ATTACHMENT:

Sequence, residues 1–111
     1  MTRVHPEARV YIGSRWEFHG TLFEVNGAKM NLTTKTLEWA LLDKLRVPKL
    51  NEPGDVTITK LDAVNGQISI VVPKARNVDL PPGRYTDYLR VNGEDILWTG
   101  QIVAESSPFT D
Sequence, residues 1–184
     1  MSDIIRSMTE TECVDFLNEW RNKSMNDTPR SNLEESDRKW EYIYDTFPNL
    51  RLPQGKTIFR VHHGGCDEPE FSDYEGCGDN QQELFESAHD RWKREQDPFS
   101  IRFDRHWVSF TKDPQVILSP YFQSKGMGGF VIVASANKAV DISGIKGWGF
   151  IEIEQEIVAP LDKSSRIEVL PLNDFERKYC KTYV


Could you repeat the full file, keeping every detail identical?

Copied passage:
Sequence, residues 1–111
     1  MTRVHPEARV YIGSRWEFHG TLFEVNGAKM NLTTKTLEWA LLDKLRVPKL
    51  NEPGDVTITK LDAVNGQISI VVPKARNVDL PPGRYTDYLR VNGEDILWTG
   101  QIVAESSPFT D
Sequence, residues 1–184
     1  MSDIIRSMTE TECVDFLNEW RNKSMNDTPR SNLEESDRKW EYIYDTFPNL
    51  RLPQGKTIFR VHHGGCDEPE FSDYEGCGDN QQELFESAHD RWKREQDPFS
   101  IRFDRHWVSF TKDPQVILSP YFQSKGMGGF VIVASANKAV DISGIKGWGF
   151  IEIEQEIVAP LDKSSRIEVL PLNDFERKYC KTYV